Growing up, I had a plan. Or, at least, my parents and my peers” parents and American society had a plan that we were all going to follow. It was a multi-step process to life that led individuals to graduate high school, go to college, find a job, get married, buy a house and have children.
Although it seems like a simple enough formula for adulthood, this kind of linear timeline to life is not for everyone.
After high school, I took an unintentional gap year before going to college. At the time, I wasn”t able to afford a higher education and when I found out I wouldn”t be going to college right away, I panicked. If I didn”t go to college, I couldn”t find a job or get married or buy a house or have kids or adhere to the timeline I”d been told my entire life. I had deviated from the narrative and still, I was OK.
During that time, I moved and worked and met new people. When I enrolled at the University of Idaho one year later, I was equipped with a different plan. I felt like my life had a direction again and I was back on track – I would keep my head down, study hard, get good grades and go to law school. Over the course of four semesters, not even that plan would stick.
Three major changes later, I have no idea what I”ll be doing with my life after I graduate next spring, and I wouldn”t have it any other way.
It isn”t always a bad thing when the plan changes, and there can be tremendous value in stepping outside of what we think we”re meant to do.
For many students at UI, May marks the end of their first year in college. Some students may be happy with their field of study and the life they”ve made for themselves at the university. Others may feel like college isn”t the right path for them. There”s nothing wrong with either.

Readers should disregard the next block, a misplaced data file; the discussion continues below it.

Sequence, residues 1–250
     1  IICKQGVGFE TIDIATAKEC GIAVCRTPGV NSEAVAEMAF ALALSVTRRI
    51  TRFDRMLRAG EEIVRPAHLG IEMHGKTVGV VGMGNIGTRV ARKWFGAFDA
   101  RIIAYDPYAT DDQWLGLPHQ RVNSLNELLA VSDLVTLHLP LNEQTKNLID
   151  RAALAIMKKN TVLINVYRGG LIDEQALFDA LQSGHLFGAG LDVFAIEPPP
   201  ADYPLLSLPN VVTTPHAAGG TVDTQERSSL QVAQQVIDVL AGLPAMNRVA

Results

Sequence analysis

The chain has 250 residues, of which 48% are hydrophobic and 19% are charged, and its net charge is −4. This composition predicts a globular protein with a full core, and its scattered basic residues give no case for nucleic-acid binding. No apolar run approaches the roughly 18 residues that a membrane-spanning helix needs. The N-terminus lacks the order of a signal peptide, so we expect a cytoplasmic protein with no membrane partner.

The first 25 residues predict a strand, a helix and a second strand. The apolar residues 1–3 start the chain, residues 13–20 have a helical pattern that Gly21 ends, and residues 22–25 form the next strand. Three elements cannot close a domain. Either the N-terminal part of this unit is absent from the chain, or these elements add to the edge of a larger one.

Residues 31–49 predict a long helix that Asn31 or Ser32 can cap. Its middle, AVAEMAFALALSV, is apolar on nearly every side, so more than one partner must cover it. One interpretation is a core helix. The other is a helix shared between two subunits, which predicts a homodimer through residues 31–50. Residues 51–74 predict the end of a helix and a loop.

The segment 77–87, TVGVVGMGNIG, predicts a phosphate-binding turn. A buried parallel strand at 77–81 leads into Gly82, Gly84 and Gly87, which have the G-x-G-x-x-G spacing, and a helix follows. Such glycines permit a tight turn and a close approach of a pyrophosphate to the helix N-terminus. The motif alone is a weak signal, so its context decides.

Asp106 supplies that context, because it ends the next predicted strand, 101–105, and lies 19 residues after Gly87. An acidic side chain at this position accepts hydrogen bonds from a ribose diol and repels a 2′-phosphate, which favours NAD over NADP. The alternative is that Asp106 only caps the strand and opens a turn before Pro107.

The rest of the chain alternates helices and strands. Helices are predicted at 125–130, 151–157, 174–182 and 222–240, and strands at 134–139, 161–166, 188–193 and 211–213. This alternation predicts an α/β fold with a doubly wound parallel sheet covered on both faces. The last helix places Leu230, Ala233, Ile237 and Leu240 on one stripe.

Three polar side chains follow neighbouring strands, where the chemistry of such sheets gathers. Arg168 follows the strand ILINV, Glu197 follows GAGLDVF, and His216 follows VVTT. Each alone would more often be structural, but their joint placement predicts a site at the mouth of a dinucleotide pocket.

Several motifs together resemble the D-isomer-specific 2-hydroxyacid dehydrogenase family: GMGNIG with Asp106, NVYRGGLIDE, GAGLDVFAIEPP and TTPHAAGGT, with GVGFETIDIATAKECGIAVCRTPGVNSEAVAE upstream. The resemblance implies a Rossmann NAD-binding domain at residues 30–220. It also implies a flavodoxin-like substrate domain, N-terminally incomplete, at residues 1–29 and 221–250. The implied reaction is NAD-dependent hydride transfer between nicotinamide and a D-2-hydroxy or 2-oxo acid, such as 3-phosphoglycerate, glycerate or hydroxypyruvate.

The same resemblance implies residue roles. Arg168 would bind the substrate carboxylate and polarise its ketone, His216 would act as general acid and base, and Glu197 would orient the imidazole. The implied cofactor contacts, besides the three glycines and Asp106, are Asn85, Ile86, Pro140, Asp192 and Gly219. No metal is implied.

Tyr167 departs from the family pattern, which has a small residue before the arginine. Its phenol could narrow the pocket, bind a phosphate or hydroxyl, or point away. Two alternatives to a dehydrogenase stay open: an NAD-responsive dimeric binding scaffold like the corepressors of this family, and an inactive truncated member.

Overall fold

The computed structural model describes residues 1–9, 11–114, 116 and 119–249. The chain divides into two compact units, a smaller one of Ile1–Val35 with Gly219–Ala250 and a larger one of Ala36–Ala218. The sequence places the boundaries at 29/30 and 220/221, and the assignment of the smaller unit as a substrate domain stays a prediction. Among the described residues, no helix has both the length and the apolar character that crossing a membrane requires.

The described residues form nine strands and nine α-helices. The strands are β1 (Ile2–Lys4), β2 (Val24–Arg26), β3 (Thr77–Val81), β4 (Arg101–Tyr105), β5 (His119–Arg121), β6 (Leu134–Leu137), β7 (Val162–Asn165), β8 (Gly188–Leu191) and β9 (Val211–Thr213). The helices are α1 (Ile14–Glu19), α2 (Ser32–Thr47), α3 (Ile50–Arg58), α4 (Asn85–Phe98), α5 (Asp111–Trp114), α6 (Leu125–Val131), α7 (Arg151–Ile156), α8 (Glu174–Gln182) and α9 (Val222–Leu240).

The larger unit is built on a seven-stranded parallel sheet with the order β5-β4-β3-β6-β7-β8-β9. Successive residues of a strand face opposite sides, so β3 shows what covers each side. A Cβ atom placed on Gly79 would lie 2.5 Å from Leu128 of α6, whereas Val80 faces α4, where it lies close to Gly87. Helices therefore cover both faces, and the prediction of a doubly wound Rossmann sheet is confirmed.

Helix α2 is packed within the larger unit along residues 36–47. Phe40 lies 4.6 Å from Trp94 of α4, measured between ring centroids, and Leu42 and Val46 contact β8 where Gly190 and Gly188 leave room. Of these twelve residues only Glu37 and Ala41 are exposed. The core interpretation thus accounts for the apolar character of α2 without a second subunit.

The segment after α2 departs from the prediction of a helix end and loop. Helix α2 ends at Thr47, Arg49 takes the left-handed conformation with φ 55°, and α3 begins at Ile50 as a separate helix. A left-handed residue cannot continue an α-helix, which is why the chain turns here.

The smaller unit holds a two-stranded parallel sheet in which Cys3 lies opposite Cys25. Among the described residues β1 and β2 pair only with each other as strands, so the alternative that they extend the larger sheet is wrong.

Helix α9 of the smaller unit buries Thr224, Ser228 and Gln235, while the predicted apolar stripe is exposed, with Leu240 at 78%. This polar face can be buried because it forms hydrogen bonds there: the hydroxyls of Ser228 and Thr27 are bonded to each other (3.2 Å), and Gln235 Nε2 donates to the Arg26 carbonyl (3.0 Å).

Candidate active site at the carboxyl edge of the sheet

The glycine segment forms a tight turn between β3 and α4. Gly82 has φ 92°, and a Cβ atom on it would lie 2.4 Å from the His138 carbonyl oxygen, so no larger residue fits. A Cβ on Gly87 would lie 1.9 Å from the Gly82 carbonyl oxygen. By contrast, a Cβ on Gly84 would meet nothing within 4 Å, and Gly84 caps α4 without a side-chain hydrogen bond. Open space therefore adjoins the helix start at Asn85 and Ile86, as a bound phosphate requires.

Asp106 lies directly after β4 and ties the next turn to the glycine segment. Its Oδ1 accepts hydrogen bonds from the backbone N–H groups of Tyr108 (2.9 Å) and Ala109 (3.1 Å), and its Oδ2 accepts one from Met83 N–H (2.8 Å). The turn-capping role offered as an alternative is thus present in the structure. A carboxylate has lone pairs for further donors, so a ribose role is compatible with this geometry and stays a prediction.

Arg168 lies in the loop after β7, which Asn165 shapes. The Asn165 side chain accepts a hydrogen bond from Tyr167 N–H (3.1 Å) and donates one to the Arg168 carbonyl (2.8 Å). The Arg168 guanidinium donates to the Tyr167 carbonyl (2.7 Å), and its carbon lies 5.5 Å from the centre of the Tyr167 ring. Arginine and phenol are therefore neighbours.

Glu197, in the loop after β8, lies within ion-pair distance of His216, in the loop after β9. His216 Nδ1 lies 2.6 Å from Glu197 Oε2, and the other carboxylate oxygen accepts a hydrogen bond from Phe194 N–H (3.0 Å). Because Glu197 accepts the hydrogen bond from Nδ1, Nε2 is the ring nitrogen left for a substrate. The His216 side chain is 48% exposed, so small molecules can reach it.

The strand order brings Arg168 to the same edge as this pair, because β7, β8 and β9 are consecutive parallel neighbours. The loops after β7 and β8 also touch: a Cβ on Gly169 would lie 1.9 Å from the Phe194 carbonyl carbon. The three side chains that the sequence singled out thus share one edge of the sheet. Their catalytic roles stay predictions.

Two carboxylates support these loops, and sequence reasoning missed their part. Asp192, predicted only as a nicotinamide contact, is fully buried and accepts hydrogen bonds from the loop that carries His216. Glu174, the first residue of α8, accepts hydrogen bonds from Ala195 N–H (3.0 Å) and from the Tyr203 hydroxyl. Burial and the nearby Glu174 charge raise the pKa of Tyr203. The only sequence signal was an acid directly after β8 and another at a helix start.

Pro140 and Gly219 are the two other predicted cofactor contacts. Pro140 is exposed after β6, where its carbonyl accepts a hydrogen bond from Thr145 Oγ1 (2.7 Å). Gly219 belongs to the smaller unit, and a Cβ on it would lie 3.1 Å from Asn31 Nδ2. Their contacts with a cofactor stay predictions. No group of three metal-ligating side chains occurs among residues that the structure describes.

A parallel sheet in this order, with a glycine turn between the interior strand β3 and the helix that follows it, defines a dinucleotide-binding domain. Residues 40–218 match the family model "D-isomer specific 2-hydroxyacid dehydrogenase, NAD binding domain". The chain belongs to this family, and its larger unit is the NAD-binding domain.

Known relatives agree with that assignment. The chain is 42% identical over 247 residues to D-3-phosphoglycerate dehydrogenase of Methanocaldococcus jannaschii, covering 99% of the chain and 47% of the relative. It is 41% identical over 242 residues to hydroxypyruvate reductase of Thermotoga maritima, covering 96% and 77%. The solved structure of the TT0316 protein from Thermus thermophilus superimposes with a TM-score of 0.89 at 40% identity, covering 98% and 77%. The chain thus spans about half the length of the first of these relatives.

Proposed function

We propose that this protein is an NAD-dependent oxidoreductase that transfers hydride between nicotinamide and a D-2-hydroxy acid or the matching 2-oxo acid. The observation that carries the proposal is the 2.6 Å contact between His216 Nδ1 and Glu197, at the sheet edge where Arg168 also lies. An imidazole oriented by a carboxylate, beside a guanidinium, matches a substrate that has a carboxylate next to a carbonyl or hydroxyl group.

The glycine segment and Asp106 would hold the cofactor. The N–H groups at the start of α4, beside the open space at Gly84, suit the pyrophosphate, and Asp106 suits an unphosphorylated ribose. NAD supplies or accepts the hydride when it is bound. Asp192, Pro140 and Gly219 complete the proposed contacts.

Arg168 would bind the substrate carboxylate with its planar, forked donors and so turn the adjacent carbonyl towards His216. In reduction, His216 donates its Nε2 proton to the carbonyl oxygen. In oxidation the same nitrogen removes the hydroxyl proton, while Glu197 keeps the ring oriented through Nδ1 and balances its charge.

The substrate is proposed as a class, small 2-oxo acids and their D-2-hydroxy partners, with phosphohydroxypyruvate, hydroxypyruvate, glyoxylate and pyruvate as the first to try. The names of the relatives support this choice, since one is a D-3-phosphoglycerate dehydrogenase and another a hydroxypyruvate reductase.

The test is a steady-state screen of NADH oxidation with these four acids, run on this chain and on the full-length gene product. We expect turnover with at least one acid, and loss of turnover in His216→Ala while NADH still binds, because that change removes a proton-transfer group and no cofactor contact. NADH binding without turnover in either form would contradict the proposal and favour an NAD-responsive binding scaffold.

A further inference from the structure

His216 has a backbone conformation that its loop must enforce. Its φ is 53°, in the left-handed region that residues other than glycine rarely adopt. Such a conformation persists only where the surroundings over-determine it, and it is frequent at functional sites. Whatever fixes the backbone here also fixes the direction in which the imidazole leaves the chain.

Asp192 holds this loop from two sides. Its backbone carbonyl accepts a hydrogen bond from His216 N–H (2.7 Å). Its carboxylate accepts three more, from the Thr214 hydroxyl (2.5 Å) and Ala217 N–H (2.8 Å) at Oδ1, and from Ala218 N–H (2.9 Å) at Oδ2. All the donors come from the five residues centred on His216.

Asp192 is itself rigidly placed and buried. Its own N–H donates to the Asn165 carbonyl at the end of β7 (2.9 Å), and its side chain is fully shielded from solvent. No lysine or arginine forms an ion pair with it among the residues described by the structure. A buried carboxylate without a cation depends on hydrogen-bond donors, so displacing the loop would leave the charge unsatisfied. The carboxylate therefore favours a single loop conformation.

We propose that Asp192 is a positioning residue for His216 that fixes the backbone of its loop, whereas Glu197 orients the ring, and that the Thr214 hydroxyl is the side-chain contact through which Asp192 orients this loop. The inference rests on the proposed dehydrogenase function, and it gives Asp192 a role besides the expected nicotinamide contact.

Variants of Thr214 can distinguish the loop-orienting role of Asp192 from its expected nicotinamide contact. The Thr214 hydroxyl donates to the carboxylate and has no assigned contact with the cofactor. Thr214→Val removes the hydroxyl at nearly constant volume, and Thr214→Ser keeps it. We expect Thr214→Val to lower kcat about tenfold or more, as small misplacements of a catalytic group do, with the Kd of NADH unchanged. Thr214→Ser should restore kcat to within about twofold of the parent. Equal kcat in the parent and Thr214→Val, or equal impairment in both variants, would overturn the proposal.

For students who are graduating, it”s important to remember that it”s OK to follow a nonlinear timeline. Obtaining an undergraduate degree and going on to attend graduate school is a great option, but so is finding a job or moving back home or taking time to travel.
There is no single formula to life, no specific narrative that will work for everyone. The major a student is studying now doesn”t have to be the one they graduate with. The person you”re with doesn”t have to be the one you marry. You don”t have to have children and if you want to go your entire life without owning a house, that is OK.
Confucius once said, “It doesn”t matter how slowly you go as long as you do not stop.” Similarly, it doesn”t matter which path you choose, as long as it”s the right one for you.